When you are using scissors, it’s necessary for each hand to work separately but yet together. Take a piece of paper and try cutting a circle out of it with a pair of scissors. See how well your two hands work together! Ideally, the dominant hand moves the scissors to cut the paper held in the other hand. The non dominant hand holding the paper will shift the paper, making it more easily cut. However, frequently in my population, the “dominant” hand will hold the scissors still while the other hand holding the paper does all the work. I see a lot of this with children who are late deciding which hand to use; or tend to still be deciding which hand to use; or […]
As we rapidly approach February, it is important to think of time lines as Spring Break will be coming our way in March or April. If you are planning on having your child evaluated, this time of year is one of the busiest for diagnostic professionals. It may take you several weeks to get your child into see a professional. Then add a week or two for the professional to score the tests, interpret them, and write the report. This puts us a month since you picked up the phone and made the appointment. If your child needs to be evaluated, please don’t wait. If you are planning to start tutoring or therapy this summer, it is also important to contact the tutor/therapist to place […]
1. Check the color of the paper: Blue may be helpful for those with visual perceptual weaknesses. 2. Clearly mark the writing lines: Anytime the writing lines change either with color, width, or boldness, explain the difference to the child. With notebook paper it may be helpful to highlight every other space so that the child writes a line of words, skips a space, writes a line of words, etc. This will help keep the tails of letters such as p, j, g, from interfering with word legibility on the next line. Mark on the desk where the paper should be placed.Slant of paper and placement does affect quality. If “hugging the left side of the paper” is a problem, first highlight the left margin […]
If you do decide to take a break from tutoring/therapy during the summer, its important to do the following: Ask your therapist/tutor for her opinion. Consult your doctor if there is a medical condition that requires ongoing therapy. If they agree, then together decide on activities that will help with the goals you all have decided on. Choose fun, realistic ones. Make a commitment to set aside a specific time during the summer days to continue to work on the above activities. Some children lose what they have learned unless reinforced. Have a specific date to begin therapy/tutoring again. If you don’t, it will be easy to not start again. Make it clear to the therapist/tutor what your plans are for the school year. Will […]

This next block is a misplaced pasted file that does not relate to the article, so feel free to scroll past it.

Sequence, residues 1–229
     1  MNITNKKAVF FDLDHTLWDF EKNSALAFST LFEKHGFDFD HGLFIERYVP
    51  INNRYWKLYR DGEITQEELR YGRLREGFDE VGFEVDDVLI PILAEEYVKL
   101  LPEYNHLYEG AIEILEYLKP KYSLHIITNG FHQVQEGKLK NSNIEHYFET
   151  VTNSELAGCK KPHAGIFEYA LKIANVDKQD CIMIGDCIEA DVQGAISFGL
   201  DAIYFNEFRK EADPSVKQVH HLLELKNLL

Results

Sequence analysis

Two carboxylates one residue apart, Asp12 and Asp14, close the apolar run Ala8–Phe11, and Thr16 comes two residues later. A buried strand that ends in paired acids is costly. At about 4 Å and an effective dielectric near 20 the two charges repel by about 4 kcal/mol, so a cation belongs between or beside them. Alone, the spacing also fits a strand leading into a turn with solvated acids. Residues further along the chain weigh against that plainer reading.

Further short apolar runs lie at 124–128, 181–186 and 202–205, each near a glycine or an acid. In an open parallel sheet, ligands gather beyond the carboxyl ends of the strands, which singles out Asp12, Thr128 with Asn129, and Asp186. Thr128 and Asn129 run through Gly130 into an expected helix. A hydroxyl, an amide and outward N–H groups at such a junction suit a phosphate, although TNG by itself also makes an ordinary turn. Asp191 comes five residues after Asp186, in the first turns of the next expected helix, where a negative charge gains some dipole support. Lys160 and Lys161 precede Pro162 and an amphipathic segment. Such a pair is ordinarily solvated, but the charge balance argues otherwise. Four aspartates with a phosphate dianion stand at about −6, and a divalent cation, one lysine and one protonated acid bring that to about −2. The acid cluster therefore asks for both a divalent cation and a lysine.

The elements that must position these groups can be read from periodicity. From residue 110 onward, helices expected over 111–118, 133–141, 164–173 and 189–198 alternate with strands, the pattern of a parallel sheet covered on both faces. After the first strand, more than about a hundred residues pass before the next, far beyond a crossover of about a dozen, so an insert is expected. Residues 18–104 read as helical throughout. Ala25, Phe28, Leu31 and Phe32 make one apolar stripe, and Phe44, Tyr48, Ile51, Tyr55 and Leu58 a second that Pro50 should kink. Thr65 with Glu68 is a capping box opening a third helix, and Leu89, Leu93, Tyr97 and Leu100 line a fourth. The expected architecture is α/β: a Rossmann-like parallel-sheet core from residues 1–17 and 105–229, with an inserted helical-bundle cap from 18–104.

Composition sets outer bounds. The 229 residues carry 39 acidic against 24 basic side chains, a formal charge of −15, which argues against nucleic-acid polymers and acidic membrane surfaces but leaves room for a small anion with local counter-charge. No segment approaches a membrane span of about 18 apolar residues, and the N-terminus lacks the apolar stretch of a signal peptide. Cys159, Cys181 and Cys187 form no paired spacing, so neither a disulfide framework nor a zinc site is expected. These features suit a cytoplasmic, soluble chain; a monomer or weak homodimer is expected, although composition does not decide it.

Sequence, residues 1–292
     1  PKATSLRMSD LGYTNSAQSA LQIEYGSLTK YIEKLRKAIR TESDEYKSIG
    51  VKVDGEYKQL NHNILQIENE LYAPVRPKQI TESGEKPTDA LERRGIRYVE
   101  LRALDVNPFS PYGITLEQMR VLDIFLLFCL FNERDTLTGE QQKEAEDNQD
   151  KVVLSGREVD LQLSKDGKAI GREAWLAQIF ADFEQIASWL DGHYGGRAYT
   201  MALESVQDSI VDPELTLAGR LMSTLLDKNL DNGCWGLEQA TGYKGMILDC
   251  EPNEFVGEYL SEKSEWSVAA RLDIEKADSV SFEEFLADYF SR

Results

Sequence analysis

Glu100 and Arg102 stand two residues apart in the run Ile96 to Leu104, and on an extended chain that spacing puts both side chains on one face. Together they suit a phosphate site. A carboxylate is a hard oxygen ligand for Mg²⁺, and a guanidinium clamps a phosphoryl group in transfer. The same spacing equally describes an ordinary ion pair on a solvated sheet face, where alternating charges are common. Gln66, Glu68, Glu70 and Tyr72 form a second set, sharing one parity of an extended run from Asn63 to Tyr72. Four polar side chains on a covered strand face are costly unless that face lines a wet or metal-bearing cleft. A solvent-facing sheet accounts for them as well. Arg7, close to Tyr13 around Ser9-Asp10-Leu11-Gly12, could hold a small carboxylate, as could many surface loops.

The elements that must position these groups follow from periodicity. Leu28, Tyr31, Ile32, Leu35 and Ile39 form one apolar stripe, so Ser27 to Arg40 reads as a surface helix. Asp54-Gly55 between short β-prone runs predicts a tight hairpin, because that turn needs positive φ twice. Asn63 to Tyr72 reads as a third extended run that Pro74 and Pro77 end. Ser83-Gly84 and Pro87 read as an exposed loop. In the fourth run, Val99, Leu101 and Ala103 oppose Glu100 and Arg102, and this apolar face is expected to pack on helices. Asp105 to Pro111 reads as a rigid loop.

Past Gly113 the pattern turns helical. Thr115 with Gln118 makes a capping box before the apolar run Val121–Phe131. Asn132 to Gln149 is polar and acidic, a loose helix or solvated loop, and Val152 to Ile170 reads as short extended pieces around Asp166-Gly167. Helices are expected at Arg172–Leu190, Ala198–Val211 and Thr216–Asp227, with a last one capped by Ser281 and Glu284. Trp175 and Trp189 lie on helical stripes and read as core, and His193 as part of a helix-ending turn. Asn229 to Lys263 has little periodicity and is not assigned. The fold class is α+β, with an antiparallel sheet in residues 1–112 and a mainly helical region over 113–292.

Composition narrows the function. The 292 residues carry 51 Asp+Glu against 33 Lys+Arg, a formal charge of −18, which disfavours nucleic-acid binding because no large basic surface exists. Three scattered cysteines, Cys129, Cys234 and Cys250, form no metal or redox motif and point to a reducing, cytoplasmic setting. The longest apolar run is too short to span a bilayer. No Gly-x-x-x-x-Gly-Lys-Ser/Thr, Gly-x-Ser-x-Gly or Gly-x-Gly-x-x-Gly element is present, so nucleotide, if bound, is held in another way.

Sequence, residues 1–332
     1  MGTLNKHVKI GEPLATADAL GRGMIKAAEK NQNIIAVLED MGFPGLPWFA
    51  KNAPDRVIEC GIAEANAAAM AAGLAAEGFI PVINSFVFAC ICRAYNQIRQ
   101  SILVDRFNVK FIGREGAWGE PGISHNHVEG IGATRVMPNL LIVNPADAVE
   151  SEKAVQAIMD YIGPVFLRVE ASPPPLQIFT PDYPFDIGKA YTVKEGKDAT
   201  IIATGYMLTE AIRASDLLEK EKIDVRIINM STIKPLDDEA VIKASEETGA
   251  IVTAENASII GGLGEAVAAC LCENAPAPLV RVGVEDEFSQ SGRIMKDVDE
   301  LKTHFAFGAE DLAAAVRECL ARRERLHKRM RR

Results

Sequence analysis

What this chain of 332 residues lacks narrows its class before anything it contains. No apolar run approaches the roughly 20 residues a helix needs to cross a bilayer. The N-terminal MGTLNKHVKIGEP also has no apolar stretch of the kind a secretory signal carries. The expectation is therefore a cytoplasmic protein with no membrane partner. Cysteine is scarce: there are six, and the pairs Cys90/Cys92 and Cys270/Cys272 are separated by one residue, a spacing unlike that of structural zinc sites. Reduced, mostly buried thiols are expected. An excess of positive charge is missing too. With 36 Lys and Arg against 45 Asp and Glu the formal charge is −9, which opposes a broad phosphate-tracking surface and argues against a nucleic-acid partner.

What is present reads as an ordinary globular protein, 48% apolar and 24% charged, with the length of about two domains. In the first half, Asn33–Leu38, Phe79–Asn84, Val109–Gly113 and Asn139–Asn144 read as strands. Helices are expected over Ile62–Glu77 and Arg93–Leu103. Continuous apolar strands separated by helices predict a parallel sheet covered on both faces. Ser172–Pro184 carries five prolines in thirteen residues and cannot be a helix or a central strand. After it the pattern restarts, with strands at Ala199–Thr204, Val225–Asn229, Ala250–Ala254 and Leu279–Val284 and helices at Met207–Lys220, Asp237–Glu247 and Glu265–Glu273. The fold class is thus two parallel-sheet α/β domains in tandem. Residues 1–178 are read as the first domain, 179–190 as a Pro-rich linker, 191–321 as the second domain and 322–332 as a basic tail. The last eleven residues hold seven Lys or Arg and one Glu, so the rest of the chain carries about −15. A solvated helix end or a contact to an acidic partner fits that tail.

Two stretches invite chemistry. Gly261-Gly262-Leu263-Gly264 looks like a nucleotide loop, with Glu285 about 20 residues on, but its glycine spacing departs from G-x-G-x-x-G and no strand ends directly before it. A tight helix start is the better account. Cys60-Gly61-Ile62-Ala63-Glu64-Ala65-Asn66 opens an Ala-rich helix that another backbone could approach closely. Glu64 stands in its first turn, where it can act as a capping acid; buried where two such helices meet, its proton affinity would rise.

Every parent and therapist has high expectations for the summer months. Considered “free months”, we tend to forget about vacations, camps, Vacation Bible School, etc. that fill up those “free months” very quickly. As your summer is unfolding and you are dealing with priorities of yours, your children, and the therapist, its important to talk with your therapist/tutor to determine what the goals are for the summer months and how these goals will be achieved. Make sure the goals are realistic for your family and your child. Have FUN activities that will encourage those goals when you go on your trips. It might be writing daily in a journal to help with handwriting. Reading maps or signs along the way to help improve reading skills. […]
Often summer is a time of guilt for families with children who have learning differences, even mild ones. Some of the questions I hear as a therapist include: How should we juggle vacation, camps, therapy/tutoring? Should I let my child drop tutoring for the summer because he needs a break from so much school work? If I do, will he fall further behind or lose all he learned this past year? What about my other children? They need a “normal” summer with activities focused on them for a change! What about me? I have worked hard all year trying to keep things running smoothly! Guilt: What to do with it? Do you have suggestions?
1. Understanding: Understand the child’s inconsistencies in performance. A spelling test may produce more legible writing than a paragraph that the child may have to think of and write quickly. The paragraph which requires complex thought organization and writing of these thoughts on a page in a readable format may be more challenging than writing familar words or writing in a handwriting workbook. Something to remember: The brain seems to prioritize written expression (thought organization, spelling, grammar, punctuation) over motor control and spacing. So if a child is really working on “written expression”, often the writing’s legibility will decrease as well as his ability to space between words or put letters in or on the lines. 2. Encourage organizational strategies such as outlining, webbing. Please see www.donjohnston.com or […]
Check: Personality: Do they work well with children? Do you like them? Can you ask them questions and receive answers? Does your child feel comfortable with them? If asked to do so, will they contact your child’s teacher or other professionals working with your child? Practice: How long have they worked with children? Do they have a good reputation? Do they have adequate credentials for their profession (a degree, accreditation, license, etc.)? Price: Do they accept your insurance? Is the cost with or without your insurance reasonable? Schedule: Will their availability and your schedule work well together? How far must you travel? It truly does take a team working together for progress to be made……choose wisely……..